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Autoimmune disease

Clinical manifestations of scleroderma (systemic sclerosis)
  1. Skin
  1. The distinctive feature of scleroderma are striking cutaneous changes, notably skin thickening.
  2. A majority of the patients have diffuse sclerotic atrophy of the skin which usually begins in the fingers and distal regions of upper extremities and extends proximally to involve upper arm, shoulders, neck and face.
  3. In advanced stage, the fingers take on a tappered, clawlike appearance with limitation of motion in the joints and sometimes the tips of the fingers undergo autoamputation.
  4. Face becomes a drawn mask.
  1. Alimentary tract
  1. Most severe involvement is in esophagus.
  2. Lower third esophageal involvement develops a rubber hose inflexibility that causes gastroesophageal reflex.
  1. Raynaud's phenomenon
    1. It is episodic digital ischemia due to vasoconstriction of arteries and arterioles of the extremities, precipitated by cold.
    2. It is usually the first manifestation of disease.
  2. Musculoskeletal symptoms
  1. Inflammation of synovium (synovitis) with hypertrophy and hyperplasia of synovial tissues.
  2. Joint destruction is not common.
  3. Inflammatory myositis may develop in 10% of patients.
  1. Kidney
  1. The most prominent changes are in vessel walls and cause appearance similar to those of malignant hypertension, i.e. onion skin concentric proliferation of smooth muscles with thickening of intima, and fibrinoid necrosis.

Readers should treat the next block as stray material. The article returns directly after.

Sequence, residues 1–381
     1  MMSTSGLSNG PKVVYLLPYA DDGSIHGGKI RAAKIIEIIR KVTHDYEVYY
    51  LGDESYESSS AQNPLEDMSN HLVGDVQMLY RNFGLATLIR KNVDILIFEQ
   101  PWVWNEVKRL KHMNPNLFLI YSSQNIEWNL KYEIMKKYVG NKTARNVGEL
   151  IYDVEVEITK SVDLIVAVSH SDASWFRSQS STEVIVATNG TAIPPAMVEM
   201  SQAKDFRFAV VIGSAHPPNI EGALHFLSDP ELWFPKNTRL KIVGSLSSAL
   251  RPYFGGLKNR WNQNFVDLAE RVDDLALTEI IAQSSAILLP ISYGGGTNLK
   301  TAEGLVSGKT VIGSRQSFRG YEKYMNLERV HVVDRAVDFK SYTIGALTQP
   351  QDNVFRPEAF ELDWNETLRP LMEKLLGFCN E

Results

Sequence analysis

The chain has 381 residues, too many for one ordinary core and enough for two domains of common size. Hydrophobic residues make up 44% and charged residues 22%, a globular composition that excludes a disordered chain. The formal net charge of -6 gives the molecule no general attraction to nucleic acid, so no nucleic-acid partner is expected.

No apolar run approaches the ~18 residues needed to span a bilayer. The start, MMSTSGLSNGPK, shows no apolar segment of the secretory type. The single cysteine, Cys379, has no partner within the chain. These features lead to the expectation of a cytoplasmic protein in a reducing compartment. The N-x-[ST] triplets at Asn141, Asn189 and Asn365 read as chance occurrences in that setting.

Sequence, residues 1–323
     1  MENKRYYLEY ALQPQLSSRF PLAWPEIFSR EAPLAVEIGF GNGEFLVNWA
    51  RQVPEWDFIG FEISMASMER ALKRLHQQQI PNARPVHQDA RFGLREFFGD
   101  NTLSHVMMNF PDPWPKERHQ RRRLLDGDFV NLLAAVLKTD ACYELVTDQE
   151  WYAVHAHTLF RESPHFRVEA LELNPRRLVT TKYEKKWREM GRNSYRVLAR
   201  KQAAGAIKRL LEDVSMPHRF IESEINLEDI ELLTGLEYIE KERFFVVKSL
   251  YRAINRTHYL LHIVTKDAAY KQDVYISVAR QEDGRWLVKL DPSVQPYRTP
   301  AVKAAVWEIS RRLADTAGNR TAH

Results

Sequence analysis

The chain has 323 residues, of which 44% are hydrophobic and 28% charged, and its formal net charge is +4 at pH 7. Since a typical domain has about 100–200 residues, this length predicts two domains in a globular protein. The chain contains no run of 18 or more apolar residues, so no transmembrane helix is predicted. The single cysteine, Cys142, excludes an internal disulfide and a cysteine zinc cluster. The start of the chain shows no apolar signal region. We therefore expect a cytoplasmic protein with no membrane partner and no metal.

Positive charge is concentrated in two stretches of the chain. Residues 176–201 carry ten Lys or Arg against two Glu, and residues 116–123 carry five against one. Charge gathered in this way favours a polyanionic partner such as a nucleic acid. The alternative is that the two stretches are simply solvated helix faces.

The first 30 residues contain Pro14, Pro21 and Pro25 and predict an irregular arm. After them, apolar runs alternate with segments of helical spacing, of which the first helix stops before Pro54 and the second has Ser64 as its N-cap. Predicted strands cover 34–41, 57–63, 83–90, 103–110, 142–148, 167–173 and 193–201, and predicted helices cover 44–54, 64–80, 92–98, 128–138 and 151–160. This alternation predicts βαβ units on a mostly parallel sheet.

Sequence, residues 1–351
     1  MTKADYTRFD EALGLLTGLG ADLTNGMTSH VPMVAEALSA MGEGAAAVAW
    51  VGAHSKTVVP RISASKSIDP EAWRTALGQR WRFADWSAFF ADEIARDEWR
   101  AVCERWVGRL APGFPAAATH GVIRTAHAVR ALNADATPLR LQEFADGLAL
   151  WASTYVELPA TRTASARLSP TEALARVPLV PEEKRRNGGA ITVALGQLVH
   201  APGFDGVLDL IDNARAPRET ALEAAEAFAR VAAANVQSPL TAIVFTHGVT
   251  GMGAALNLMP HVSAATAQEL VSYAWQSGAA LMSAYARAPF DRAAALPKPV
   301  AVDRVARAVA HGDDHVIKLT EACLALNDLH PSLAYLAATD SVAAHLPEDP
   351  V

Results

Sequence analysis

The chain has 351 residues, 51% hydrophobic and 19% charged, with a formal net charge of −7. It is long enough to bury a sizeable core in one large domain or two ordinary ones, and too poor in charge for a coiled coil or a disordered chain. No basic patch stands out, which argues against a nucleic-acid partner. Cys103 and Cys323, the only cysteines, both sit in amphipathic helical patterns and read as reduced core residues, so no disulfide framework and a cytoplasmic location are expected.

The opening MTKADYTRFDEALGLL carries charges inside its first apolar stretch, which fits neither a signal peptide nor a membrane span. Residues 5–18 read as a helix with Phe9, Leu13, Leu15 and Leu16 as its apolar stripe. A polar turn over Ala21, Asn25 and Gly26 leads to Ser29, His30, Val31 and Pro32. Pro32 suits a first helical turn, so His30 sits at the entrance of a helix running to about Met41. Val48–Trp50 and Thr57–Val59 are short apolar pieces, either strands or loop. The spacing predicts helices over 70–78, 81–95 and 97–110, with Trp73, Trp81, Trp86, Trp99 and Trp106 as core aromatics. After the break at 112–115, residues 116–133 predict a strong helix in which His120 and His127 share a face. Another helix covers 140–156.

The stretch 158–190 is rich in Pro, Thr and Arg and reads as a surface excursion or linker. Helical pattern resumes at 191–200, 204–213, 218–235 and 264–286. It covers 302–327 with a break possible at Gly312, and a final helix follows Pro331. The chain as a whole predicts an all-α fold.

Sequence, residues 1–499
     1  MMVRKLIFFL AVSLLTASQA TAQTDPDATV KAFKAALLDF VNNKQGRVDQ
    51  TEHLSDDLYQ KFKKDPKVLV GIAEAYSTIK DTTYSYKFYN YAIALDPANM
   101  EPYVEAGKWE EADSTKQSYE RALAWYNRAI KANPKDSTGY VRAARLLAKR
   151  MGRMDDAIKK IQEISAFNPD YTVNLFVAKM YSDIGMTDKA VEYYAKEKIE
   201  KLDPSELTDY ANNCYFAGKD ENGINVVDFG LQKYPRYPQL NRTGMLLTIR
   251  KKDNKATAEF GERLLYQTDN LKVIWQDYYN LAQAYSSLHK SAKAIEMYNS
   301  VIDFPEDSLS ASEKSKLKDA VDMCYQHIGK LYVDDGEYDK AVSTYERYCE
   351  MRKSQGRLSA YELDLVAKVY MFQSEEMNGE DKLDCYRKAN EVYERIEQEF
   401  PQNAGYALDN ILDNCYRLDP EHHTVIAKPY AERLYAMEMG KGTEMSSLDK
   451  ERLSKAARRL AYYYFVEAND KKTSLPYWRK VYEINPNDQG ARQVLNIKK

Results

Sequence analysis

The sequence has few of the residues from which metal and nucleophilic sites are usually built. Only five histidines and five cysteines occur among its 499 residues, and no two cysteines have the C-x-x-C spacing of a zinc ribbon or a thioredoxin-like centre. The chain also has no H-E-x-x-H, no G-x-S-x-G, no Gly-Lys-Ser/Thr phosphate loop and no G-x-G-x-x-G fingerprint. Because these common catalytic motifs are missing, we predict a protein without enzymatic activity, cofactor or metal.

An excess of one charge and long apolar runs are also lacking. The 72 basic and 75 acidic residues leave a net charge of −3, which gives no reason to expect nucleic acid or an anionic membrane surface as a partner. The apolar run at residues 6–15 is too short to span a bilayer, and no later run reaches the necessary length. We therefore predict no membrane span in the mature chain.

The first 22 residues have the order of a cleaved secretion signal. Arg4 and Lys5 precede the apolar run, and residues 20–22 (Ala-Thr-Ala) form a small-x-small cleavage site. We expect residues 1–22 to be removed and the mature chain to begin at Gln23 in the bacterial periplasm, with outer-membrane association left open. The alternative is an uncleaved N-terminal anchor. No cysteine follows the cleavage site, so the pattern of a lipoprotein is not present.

2. Hypertension may occur due to kidney involvement.
  3. Most common cause of death is development of malignant hypertension with subsequent renal failure.
  1. Lungs
  1. Pulmonary hypertension.
  2. Interstitial fibrosis.
  1. Heart
  1. Pericardial effusion / Pericarditis
  2. Myocardial fibrosis
  1. CREST syndrome (with limited systemic sclerosis).
SLE: Multisystem disease of autoimmune origin characterized principally by injury to skin, joints, kidney and serosal membranes.
Fundamental defect is a failure of the regulatory mechanism that sustain self tolerance
  1. Past history of spontaneous abortion, shrinking lung syndrome and coomb's positive hemolytic anemia are complication of SLE.
  2. Autoantibodies against red cells, white cells and platelets mediate their effects via type II hypersensitivity and visceral lesions are mediated by "type III.
  3. In tissues, nuclei of damaged cells react with ANAs which lose their chromatin pattern and become homogenous, to reduce so called LE bodies or Hematoxylin bodies.
  4. LE cell-it is a phagocytic leukocyte (macrophage or neutrophil) which engulfs the denatured nucleus of an injured cell.
Membranous glomerulonephritis almost always have severe proteinuria or the overt nephrotic syndrome.
Clinical features of SLE are:
  1. Hematologic                                                                                           
  2. Arthritis
  3. Butterfly malar rash                                                                               
  4. Fever, fatigue, weight loss
  5. Renal (various GN)                                                                                 
  6. Pleurisy and diffuse fibrosing alveolitis
  7. Myalgia, pericarditis, nonbacterial verrucous endocarditis           
  8. Raynaud phenomenon
  9. Peripheral neuropathy

Wire loop lesions are characteristic of type IV GN (Membranous GN)

MC cause of death are renal failure and intercurrent infections followed by diffuse CNS disease.

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